Rabat – King Mohamed VI and Cote d’Ivoire President Alassane Ouattara concluded the King’s visit to the country with a joint statement, praising their countries’ deepening relationship and affirming their commitment to seeing an Africa.Both leaders called for a comprehensive, cooperative political approach to combatting the rise of new forms of global crime. They discussed the fight against terrorism, cybercrimes, sea piracy and drug trafficking and urged the international community to combine forces to eradicate the criminal organizations perpetrating these offenses.In the statement, King Mohamed VI lauded the part Ouattara has played in settling conflicts in the manner laid out by the late President Felix Houphouet-Boigny. For his part, the Ivorian President lauded Morocco’s role as a peaceful and calming influence on the entire continent. Morocco’s Return to the African UnionOuattara complimented the decisive role Morocco continues to play in securing peace and security in Africa as a whole and, in particular, in Sub-regions of North and West Africa.“This return clearly shows the will and determination of the King of Morocco to engage in South-South cooperation and fully participate in the development of the continent, as evidenced by the Morocco-Nigeria pipeline project, which will cross West African countries, especially Cote d’Ivoire, whose benefits will not only concern all of those countries, but especially all of their populations,” Ouattara said.In response, King Mohamed VI expressed his country’s appreciation for the Ivorian support of Morocco’s return to the organization and pledged Morocco’s support for Cote d’Ivoire’s candidacy for a non-permanent member’s seat at the Security Council for 2018-2019.143 Agreements SignedIn their joint statement, both leaders celebrated the signing of 143 economic agreements and called for regular meetings of the Committee for the Formal Mechanism of the Follow-up and Implementation of the Agreements.Both leaders celebrated the 2nd Session for the Morocco-Cote d’Ivoire economic Impetus Group. The group promotes both public and private sector partnerships between the two nations as part of the Strategic and Economic Partnership Agreement, signed in Morocco January 21.“The governments of the two countries will endeavour to implement the recommendations of this second session, which are in line with the common vision of the two heads of state to establish bilateral cooperation between the two countries as a genuine model of South-South Cooperation for Africa as a whole.”By the time the 2nd Session was concluded, 14 agreements had been signed involving a wide variety of sectors including construction and social housing, infrastructure, transport and logistics, banking and financial, social economy, solidarity and crafts, health, digital economy and industry.Progress Checks, an Invitation ExtendedThe working/friendship trip afforded King Mohamed VI an opportunity to check on the progress of some of the projects Morocco has invested in recently. Both leaders expressed their mutual pleasure at the progress made regarding the safeguarding and upgrade to the Bay of Cocody.King Mohammed VI extended the President an invitation to visit Morocco for a similar visit, which Ouattara enthusiastically accepted. Details of the visit will be set through the usual channels and protocols.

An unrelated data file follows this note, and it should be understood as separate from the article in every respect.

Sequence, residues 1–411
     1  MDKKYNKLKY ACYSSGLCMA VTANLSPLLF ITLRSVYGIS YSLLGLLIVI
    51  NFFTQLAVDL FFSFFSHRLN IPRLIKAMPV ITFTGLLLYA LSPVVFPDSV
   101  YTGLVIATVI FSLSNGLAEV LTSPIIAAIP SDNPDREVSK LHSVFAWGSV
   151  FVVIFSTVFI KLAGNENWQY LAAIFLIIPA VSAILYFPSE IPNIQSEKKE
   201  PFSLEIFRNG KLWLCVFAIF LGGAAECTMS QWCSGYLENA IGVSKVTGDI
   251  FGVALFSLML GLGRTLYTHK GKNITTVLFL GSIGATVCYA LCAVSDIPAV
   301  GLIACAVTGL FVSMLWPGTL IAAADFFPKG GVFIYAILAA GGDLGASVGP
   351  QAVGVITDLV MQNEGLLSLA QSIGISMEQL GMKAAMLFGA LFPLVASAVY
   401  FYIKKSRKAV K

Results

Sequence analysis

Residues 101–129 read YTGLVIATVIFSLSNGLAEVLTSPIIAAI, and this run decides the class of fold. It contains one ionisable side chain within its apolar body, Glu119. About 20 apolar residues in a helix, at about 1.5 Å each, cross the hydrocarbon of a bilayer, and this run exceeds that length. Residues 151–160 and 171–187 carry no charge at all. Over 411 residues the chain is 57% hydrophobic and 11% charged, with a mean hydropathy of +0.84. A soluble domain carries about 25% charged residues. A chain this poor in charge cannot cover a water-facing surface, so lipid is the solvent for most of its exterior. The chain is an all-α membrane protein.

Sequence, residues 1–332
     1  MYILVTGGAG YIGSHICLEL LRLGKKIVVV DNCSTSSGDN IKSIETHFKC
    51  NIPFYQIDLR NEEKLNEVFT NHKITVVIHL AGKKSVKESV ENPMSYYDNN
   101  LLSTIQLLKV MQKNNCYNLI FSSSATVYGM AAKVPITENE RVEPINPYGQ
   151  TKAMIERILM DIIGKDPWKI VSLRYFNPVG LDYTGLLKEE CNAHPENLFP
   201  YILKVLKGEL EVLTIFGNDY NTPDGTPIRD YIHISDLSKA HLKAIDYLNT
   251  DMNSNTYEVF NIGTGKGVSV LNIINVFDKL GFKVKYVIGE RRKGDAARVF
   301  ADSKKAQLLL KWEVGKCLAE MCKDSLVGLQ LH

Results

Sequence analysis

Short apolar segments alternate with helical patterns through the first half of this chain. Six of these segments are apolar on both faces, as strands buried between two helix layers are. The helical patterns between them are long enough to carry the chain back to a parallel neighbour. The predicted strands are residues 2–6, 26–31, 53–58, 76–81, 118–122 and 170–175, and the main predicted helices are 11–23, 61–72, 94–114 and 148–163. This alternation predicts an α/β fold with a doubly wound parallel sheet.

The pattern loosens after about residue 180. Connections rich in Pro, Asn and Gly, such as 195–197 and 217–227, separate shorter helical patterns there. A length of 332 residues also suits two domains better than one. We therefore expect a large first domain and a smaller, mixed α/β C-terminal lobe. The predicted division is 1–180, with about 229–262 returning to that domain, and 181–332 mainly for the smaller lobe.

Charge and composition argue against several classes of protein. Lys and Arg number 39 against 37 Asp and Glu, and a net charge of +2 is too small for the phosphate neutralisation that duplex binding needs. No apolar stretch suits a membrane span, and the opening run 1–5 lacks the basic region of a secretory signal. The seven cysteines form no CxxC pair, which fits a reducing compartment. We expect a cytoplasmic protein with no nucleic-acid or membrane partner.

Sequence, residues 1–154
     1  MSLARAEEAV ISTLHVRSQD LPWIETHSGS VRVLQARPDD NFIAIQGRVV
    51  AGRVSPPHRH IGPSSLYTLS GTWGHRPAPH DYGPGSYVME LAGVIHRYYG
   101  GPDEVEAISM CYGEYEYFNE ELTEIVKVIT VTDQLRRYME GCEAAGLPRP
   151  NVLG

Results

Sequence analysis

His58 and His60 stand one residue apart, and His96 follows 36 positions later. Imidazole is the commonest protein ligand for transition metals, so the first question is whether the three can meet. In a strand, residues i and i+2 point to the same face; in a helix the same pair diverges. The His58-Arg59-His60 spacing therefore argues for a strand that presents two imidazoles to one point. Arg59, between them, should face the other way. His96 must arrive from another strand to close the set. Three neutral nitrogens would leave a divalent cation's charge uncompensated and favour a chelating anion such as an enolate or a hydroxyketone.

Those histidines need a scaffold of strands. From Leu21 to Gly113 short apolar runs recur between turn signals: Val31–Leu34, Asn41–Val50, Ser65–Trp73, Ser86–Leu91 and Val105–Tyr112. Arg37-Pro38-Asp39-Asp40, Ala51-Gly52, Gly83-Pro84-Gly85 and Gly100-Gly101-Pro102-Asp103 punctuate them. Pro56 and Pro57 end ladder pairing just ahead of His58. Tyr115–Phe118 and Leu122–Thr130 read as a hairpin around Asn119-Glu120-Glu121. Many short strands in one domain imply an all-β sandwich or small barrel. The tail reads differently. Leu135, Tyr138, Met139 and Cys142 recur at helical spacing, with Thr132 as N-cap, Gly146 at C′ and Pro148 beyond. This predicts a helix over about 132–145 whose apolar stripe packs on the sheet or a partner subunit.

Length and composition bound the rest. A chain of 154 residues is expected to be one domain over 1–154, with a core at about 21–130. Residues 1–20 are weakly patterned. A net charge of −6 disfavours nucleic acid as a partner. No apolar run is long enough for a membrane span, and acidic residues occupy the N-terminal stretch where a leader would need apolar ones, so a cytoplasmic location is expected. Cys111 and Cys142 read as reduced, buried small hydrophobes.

AddThis Sharing ButtonsShare to TwitterTwitterShare to FacebookFacebookShare to RedditRedditShare to 電子郵件Email US trade deficit rose to $44.2 billion in August as exports fell to lowest level in 6 months by News Staff Posted Oct 11, 2012 9:35 am MDT WASHINGTON – The U.S. trade deficit widened in August as exports fell to the lowest level in six months, a worrisome sign that a slowing global economy is cutting into demand for U.S. goods.The deficit increased to $44.2 billion in August, the biggest gap since May and a 4.1 per cent increase from July, the Commerce Department said Thursday.Exports dropped 1 per cent to $181.3 billion. Demand for American-made cars and farm goods declined. Imports edged down a slight 0.1 per cent to $225.5 billion as purchases of foreign-made autos, aircraft and heavy machinery fell. The cost of oil imports rose sharply.A wider trade deficit acts as a drag on growth because it means the U.S. is earning less on overseas sales of American-produced goods while spending more on foreign products.Trade was a positive for economic growth in the April-June quarter but Steven Wood, chief economist at Insight Economics, said he expected that trade would be a small negative in the July-September quarter given the weakening trend in U.S. exports.So far this year, the deficit is running at an annual rate of $561.6 billion, up slightly from last year’s $559.9 billion imbalance.For August, the deficit with China dipped 2.3 per cent to $28.7 billion as U.S. exports to that country edged up modestly while imports from China fell. But for the year, the U.S. deficit is on track to surpass last year’s record, the highest ever recorded with a single country.The widening trade gap with China has worsened trade tensions between the two countries and has become a debating point in the presidential race. GOP challenger Mitt Romney is promising to take a tougher approach than President Barack Obama has on Chinese trade practices which he says are giving the country an unfair advantage over American workers.The deficit with the European Union fell by 2 per cent in August to $11.7 billion as U.S. exports to the region outpaced imports. However, economists expect U.S. sales to Europe to weaken in coming months because many European nations are now in a recession brought on by a prolonged debt crisis.The U.S. deficit with Japan fell 1.4 per cent in August to $6.7 billion as American exports to Japan rose to the highest level since March 1996.U.S. economic growth slowed to an annual rate of just 1.3 per cent in the April-June quarter. Most economists don’t expect the economy to grow much more than 2 per cent for the rest of the year.American manufacturers have been hampered by slumping economies in Europe, China and other key export markets. Many European countries are recession. The region accounts for about one-fifth of U.S. exports.The International Monetary Fund this week projected global growth of just 3.3 per cent for the year and 3.6 per cent in 2013. The downgrade from its July forecast reflected disappointing growth in the United States, spreading recessions in Europe and a sharp slowdown in China.There have been some hopeful signs that the U.S. economy is improving.Manufacturing grew in September for the first time in four months, according to a closely watched survey from the Institute of Supply Management. The growth was driven by a jump in new orders and more hiring.The unemployment rate declined to 7.8 per cent in September, the lowest level since January 2009. It fell because of a huge increase in the number of people who said they found jobs.Americans are gaining more confidence in the economy and stepping up major purchases.Auto sales rose 13 per cent last month from a year earlier to nearly 1.2 million. Home sales have been posting solid gains, which have driven home prices higher. When home prices rise, people tend to feel wealthier and spend more freely.